(The writer is a business consultant to large clients on financial processes, process re-engineering and improvement.)
The bashing of the top management is actually happening in the bank’s in-house publication. So what is brewing in the organisation?
Field staff going against the top brass is something which every organisation witnesses from time-to-time. But when the bashing happens in the in-house publication itself, it hints at something truly serious.
The front page editorial of the current issue of "Officers Voice", the monthly journal of the Corporation Bank Officers' Organisation (CBOO), reflects the mistrust that the field level employees have for the top management.
The employees have blamed the top brass for formulating faulty policies that have not only inconvenienced the staff, but also led to the erosion of the customer base in several areas.
Is it just another case of boss-bashing? Corporation Bank is not doing too badly. In 2008, Corporation Bank made a profit of Rs735 crore with an increase of 37.1% over last year. In 2010, the bank made a profit of Rs1,170 crore-a rise of 31.1%. It is estimated that 2011 will show a profit of Rs1,386 crore, which will mark an 18.4% increase. For the next fiscal, the estimated profit-according to the bank's report- will be Rs1,427 crore, which will mark only a 3% increase over the present year.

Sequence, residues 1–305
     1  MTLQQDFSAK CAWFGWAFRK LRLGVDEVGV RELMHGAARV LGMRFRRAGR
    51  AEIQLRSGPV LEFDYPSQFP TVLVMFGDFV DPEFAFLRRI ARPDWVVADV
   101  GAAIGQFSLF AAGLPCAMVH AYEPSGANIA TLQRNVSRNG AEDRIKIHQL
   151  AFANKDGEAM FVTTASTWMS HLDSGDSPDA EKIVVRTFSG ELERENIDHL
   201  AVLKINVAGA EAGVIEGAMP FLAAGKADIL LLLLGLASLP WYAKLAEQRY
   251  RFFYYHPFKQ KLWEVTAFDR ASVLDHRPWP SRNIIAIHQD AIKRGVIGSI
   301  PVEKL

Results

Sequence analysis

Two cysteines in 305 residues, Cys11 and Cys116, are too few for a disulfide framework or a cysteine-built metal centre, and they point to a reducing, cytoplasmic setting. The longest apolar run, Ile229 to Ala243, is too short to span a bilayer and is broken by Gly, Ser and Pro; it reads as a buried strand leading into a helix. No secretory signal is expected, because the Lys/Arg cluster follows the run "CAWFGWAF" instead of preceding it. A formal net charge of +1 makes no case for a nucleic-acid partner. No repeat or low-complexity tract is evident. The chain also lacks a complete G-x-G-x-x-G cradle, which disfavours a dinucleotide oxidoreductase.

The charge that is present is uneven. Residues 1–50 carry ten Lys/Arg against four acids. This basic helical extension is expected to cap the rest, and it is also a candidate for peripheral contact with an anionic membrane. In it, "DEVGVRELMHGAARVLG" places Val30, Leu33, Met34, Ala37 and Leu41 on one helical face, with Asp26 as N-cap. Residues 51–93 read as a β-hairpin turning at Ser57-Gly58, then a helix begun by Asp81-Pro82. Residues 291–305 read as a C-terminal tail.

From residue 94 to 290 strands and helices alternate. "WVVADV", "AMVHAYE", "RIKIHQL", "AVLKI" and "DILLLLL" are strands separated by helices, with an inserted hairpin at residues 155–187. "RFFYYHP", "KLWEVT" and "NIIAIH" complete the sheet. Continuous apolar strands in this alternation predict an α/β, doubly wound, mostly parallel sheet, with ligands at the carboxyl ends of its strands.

Will this be sustainable?
The article says, "Of late it is felt that the top management is seldom bothered about the problems at (the) field level; whether it is providing (the) required manpower at the branches or changing business policy decisions."
The item provides several examples of bad decisions: Despite the opposition from the CBOO, in 2006, the management introduced verticals and created the post of 'field general managers' without specifying their responsibilities. Soon after, the decisions were reversed with the change in management, making the exercise futile.
The new 2008 leadership increased the minimum balance amount and extended the minimum period for savings accounts called 'Corpclassic Accounts'. The move was aimed at boosting the bank's portfolio.